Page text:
The Lieber Code: A Historical Analysis of the Context and Drafting of General Orders No. 100
During the American Civil War, the United States changed in dramatic fashion. The national crisis of the Civil War encompassed all aspects of the United States. In 1862, a forward-thinking German American intellectual named Francis Lieber lobbied the Lincoln administration to update the United States laws of war. On April 24, 1863, President Lincoln issued General Orders No. 100 or “Instructions for the Government of the Armies of the United States in the Field.” General Orders No. 100, better known as the Lieber Code, modernized the United States laws of war. Not only that, but the Lieber Code traveled across the Atlantic Ocean and impacted European international and military law for decades after the Civil War.
As a revolutionary document, the Lieber Code was an outworking of President Lincoln’s goals for the Union in the Civil War. The Code answered vital questions regarding emancipation and how a massive, modern, biracial, and volunteer army would wage a Civil War against rebellious states. The Lieber Code was often an unsung hero in United States history outside of legal or military history, but upon closer inspection, the Lieber Code was a window into what Lincoln and his cabinet believed about the Civil War. The Lieber Code embodied the answers to the moral, political, constitutional, legal, and international problems that the Union faced. Since the Code played such a key role in the Civil War, this paper investigates the historical and legal context of the Code as well as the drafting and impact of the Code during and after the Civil War.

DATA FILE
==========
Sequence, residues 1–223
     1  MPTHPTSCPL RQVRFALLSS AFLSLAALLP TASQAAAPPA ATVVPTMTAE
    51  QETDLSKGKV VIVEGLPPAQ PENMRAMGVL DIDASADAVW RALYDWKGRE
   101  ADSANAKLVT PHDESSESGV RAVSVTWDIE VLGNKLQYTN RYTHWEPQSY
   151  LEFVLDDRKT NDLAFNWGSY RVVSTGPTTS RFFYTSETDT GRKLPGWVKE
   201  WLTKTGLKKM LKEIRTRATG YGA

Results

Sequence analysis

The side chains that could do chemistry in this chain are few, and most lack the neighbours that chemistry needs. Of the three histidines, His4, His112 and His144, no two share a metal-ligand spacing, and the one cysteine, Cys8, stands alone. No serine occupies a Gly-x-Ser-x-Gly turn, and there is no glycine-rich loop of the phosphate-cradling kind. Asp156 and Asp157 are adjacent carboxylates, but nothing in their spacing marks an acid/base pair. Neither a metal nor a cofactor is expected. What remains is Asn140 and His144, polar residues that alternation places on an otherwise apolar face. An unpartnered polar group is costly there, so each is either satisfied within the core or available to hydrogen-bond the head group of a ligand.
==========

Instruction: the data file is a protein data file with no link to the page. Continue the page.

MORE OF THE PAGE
Mindrup, Alexander H.
"The Lieber Code: A Historical Analysis of the Context and Drafting of General Orders No. 100,"
The Cardinal Edge: Vol. 1:
1, Article 27.
Available at: https://ir.library.louisville.edu/tce/vol1/iss1/27
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